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Domestic cats (Felis catus) prefer freely available food over food that requires effort - corrected data

Citation

Delgado, Mikel; Han, Brandon (Sang Gyu); Bain, Melissa (2021), Domestic cats (Felis catus) prefer freely available food over food that requires effort - corrected data, Dryad, Dataset, https://doi.org/10.25338/B8GG92

Abstract

Contrafreeloading is the willingness of animals to work for food when equivalent food is freely available. This behavior is observed in laboratory, domesticated, and captive animals. However, previous research found that six laboratory cats failed to contrafreeload. We hypothesized that cats would contrafreeload in the home environment when given a choice between a food puzzle and a tray of similar size and shape. We also hypothesized that more active cats would be more likely to contrafreeload.

We assessed the behavior of 17 neutered, indoor domestic cats (Felis catus) when presented with both a food puzzle and a tray across ten 30-minute trials. Each cat wore an activity tracker, and all sessions were video recorded. Cats ate more food from the free feed tray than the puzzle (t(16) = 6.77, p < 0.001). Cats made more first choices to approach and eat from the tray. There was no relationship between activity and contrafreeloading, and there was no effect of sex, age, or previous food puzzle experience on contrafreeloading.

Our results suggest that cats do not show strong tendencies to contrafreeload in the home environment, although some cats (N = 4) ate most food offered in the puzzle or showed weak contrafreeloading tendencies (N = 5). Eight cats did not contrafreeload. Cats who consumed more food from the puzzle, consumed more food in general, suggesting a relationship between hunger and effort.  Further research is required to understand why domestic cats, unlike other tested species, do not show a strong preference to work for food.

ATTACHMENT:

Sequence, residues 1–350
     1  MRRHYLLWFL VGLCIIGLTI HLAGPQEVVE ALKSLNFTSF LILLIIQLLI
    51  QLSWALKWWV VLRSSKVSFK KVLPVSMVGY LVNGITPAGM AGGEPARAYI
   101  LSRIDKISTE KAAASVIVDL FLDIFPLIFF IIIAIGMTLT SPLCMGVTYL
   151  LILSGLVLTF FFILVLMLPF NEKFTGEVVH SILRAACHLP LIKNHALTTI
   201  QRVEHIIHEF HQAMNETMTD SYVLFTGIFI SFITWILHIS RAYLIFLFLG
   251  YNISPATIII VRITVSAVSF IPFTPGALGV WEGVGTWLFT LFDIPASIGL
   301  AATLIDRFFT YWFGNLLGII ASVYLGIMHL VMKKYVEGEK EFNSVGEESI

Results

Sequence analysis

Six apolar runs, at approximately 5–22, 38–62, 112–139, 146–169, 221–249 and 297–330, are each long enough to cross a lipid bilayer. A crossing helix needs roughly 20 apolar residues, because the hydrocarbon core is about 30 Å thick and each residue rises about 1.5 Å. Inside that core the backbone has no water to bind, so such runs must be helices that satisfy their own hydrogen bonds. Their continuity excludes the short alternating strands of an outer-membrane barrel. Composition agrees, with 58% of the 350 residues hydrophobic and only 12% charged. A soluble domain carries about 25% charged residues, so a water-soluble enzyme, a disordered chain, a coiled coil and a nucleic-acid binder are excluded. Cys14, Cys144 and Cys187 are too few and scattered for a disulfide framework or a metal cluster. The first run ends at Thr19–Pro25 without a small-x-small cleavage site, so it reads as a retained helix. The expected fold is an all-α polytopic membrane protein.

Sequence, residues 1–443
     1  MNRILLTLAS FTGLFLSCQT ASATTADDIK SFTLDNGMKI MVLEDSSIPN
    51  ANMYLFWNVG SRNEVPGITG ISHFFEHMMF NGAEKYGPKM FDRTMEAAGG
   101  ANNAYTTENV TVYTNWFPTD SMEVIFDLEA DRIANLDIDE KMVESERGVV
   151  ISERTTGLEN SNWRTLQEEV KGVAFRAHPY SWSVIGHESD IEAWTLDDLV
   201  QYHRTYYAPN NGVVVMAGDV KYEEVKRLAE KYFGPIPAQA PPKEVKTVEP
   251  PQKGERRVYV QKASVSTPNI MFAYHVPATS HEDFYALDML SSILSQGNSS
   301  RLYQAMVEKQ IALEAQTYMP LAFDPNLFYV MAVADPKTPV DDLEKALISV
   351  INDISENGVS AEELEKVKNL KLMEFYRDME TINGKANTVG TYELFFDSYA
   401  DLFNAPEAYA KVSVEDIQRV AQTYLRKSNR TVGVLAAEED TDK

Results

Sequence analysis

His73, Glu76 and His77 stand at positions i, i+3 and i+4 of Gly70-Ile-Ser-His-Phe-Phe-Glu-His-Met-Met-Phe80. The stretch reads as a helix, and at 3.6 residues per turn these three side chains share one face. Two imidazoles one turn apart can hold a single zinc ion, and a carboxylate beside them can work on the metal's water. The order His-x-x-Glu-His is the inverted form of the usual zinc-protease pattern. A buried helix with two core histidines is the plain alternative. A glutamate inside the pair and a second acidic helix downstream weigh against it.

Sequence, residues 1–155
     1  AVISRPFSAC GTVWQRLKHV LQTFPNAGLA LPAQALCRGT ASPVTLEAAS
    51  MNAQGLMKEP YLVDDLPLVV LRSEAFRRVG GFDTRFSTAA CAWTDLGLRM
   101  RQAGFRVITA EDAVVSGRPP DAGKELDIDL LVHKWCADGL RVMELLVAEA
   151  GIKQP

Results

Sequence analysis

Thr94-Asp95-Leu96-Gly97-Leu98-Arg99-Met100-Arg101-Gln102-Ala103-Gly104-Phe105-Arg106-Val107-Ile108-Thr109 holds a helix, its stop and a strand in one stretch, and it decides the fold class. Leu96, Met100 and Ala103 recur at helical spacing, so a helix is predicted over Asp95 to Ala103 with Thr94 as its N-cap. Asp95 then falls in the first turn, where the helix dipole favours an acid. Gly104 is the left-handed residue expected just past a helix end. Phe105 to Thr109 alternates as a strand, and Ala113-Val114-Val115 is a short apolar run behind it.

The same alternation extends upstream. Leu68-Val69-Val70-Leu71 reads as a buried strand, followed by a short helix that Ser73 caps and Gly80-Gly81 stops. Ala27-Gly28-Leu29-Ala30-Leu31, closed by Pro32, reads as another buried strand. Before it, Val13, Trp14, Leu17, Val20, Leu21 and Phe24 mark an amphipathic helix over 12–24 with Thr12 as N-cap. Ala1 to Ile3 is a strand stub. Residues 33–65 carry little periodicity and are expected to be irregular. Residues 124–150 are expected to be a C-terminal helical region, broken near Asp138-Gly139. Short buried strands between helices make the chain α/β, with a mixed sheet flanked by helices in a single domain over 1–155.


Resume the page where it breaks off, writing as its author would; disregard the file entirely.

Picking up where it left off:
Methods

This data is from an observational study of cats; it includes data recorded by cat owners, as logged on an activity tracker worn by the cats, and from video data of the cats.

Usage Notes

Data includes:

demographics related to the cats (age, sex)

the amount of food cats ate from two sources (food puzzle, tray) across 10 trials

activity as measured by an activity tracker (Fitbark)

choices made to approach and eat from the two food sources for 10 trials

amount of time spent at the two food sources for 10 trials